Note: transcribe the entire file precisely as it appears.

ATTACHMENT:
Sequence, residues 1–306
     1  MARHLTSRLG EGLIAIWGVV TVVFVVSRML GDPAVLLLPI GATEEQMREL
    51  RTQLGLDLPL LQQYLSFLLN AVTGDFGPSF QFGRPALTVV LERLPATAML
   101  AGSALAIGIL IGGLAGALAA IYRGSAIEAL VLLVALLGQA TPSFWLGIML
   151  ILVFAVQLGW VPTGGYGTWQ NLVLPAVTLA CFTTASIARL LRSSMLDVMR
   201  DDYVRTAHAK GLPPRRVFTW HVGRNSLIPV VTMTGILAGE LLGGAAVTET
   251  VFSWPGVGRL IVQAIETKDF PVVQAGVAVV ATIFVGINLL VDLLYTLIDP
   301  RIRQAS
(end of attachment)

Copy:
Sequence, residues 1–306
     1  MARHLTSRLG EGLIAIWGVV TVVFVVSRML GDPAVLLLPI GATEEQMREL
    51  RTQLGLDLPL LQQYLSFLLN AVTGDFGPSF QFGRPALTVV LERLPATAML
   101  AGSALAIGIL IGGLAGALAA IYRGSAIEAL VLLVALLGQA TPSFWLGIML
   151  ILVFAVQLGW VPTGGYGTWQ NLVLPAVTLA CFTTASIARL LRSSMLDVMR
   201  DDYVRTAHAK GLPPRRVFTW HVGRNSLIPV VTMTGILAGE LLGGAAVTET
   251  VFSWPGVGRL IVQAIETKDF PVVQAGVAVV ATIFVGINLL VDLLYTLIDP
   301  RIRQAS